WASHINGTON – President Obama, pivoting at midterm from costly economic stimulus measures to deficit reduction, on Monday released a fiscal year 2012 budget that projects an annual deficit of more than $1 trillion before government shortfalls decline to “sustainable” levels for the rest of the decade.
Still, annual deficits through fiscal year 2021 will add a combined $7.2 trillion to the federal debt, Mr. Obama’s budget shows – after allowing for $1.1 trillion in deficit-reducing spending cuts and tax increases that the president proposes over the 10-year period. As he acknowledges, after 2021, an aging population and rising medical costs will drive deficits again to unsustainable heights.
The budget reflects Mr. Obama’s cut-and-invest agenda: It creates winners and big losers as he proposes to slash spending in some domestic programs to both reduce deficits and make room for increases in education, infrastructure, clean energy, innovation and research to promote long-term economic growth and global competitiveness.
The president is unveiling his budget to emphasize one of the winners: He will do so on Monday morning during a visit to a middle school and technology center in Baltimore.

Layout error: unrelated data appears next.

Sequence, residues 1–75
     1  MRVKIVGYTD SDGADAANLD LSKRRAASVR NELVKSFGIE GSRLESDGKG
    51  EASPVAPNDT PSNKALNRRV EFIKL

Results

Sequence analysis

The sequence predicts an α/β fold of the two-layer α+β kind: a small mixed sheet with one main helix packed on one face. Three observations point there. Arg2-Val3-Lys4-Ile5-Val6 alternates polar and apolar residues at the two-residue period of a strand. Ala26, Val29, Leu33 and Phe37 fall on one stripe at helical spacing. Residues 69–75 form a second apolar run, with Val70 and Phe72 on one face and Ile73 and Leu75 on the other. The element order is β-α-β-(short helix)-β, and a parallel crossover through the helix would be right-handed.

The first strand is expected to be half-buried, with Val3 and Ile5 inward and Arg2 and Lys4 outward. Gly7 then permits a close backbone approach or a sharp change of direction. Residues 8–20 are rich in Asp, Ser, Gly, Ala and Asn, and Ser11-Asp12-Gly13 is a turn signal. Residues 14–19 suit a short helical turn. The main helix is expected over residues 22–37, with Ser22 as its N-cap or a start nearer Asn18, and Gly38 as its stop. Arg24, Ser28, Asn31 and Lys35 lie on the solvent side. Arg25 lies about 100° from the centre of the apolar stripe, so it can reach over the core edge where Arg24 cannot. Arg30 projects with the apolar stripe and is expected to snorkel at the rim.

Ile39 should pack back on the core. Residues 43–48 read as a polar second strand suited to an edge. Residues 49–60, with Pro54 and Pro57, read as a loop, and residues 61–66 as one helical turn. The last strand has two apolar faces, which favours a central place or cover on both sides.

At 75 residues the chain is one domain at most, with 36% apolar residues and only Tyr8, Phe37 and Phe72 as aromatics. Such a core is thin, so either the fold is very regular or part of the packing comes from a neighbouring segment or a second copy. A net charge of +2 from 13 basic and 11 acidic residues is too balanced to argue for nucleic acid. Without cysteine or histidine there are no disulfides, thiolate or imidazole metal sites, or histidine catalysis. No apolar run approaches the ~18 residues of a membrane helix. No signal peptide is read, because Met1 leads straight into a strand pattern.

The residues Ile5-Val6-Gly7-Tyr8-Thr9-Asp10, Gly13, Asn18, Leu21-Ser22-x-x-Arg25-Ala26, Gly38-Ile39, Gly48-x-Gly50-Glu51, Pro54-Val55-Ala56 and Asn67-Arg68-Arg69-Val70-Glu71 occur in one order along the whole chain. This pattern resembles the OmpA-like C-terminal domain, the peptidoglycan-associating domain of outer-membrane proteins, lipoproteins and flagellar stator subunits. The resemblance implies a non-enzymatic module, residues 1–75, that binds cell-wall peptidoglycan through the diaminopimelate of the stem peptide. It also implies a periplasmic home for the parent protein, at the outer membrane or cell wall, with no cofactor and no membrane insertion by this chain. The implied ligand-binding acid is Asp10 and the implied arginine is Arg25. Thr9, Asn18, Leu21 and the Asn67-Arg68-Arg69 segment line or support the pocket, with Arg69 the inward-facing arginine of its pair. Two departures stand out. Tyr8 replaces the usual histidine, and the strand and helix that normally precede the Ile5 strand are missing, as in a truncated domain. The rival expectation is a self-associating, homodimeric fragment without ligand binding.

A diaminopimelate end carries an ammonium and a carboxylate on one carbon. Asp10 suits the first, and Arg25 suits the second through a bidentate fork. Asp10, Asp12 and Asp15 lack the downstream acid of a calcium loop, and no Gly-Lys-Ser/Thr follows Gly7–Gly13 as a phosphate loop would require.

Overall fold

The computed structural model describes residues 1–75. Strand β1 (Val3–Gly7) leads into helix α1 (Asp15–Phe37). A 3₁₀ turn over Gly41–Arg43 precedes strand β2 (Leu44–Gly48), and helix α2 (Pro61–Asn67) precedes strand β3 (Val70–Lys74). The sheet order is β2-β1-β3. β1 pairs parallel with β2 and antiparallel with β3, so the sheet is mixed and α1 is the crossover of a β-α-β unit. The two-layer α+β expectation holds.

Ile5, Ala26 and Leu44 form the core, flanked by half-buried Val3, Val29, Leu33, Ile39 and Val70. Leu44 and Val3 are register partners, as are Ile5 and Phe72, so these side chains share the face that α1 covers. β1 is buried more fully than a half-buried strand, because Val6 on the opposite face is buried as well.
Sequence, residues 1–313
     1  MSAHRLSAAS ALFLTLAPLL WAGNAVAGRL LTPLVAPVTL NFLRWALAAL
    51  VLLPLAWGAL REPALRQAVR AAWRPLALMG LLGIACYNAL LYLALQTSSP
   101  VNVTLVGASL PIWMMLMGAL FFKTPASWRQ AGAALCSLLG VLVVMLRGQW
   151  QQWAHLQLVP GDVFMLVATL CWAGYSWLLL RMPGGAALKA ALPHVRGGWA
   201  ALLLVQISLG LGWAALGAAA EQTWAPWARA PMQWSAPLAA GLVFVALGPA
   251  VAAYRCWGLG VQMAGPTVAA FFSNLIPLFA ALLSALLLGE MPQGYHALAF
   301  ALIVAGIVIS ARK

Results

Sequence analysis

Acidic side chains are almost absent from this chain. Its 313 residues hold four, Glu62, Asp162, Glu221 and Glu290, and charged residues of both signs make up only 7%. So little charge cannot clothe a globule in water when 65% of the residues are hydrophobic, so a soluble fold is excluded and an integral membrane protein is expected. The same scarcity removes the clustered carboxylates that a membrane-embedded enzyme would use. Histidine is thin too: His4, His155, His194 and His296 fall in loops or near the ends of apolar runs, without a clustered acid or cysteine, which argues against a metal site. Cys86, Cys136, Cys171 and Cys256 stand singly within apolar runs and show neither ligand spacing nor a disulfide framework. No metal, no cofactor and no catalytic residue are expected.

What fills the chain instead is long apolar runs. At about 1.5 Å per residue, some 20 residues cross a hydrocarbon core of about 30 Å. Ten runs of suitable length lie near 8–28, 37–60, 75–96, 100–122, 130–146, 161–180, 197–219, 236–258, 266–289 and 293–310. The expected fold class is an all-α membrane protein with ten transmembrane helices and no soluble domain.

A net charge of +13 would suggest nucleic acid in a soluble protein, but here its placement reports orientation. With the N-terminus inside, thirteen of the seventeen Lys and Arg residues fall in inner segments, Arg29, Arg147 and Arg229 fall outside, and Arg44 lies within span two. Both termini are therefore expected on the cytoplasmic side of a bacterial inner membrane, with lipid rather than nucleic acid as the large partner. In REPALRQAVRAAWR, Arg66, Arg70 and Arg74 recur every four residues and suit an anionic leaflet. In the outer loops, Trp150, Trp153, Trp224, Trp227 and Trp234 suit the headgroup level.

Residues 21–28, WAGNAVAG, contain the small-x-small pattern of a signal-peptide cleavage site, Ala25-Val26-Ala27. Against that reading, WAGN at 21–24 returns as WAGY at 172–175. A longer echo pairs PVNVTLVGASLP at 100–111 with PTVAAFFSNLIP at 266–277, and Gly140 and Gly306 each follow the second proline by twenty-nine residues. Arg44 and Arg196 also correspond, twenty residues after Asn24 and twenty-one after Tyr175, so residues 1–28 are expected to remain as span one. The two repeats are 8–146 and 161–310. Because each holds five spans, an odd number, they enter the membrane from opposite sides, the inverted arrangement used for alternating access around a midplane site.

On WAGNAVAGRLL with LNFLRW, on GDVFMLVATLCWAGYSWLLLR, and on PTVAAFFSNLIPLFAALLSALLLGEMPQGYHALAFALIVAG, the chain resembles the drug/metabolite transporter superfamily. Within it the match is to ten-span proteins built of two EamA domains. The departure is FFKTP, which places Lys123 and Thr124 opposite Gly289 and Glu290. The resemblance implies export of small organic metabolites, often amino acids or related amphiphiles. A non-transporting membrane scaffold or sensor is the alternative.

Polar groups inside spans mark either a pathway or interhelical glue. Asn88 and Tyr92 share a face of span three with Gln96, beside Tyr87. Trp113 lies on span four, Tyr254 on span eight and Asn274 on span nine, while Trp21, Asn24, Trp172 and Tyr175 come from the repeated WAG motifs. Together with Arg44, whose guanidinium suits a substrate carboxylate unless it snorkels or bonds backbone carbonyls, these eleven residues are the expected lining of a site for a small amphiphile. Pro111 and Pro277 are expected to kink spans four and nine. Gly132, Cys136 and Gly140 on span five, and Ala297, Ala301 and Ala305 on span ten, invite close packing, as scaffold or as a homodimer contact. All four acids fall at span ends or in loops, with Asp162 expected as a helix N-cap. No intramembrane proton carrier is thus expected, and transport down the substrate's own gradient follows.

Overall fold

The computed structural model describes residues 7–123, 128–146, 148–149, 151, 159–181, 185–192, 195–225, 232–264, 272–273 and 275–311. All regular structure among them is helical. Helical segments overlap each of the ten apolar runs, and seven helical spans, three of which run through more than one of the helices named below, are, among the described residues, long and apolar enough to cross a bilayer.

Among the losers are programs that Mr. Obama has supported, even expanded, in the past: Popular programs for home-heating aid to poor families and for community services block grants would be cut in half, and a multi-state Great Lakes cleanup project would lose a quarter of its money compared to 2010.
Pell grants for needy college students would be eliminated for summer classes, and graduate students would start accruing interest immediately on federal loans, though they would not have to pay until after they graduate; both changes are intended to help save $100 billion over 10 years to offset the costs of maintaining Pell grants for 9 million students, according to administration officials.
Officials contrast the administration’s budgetary approach with that of House Republicans, who are voting this week to slash the current year’s spending by much larger amounts, sparing few programs from cuts and increasing spending on none.
“The debate in Washington is not whether to cut or to spend,” said a senior administration official on Sunday, speaking on condition of anonymity to brief reporters on the budget in advance of Mr. Obama’s Monday announcement of the spending plan. “We both agree we should cut. The question is how we cut and what we cut.”
For the administration’s part, the official said, “It requires cutting programs that in a different environment we would not want to cut.”
For the current fiscal year 2011, which ends Sept. 30, the Obama budget projects a deficit of more than $1.6 trillion, a level equal to nearly 11 percent of the gross domestic product, making it the largest shortfall since the end of World War II. That projection has swelled recently mostly due to the big tax cut deal that Mr. Obama and Congressional Republican leaders agreed to in December to spur the still-fragile economic recovery. It included a payroll tax cut this year for all Americans.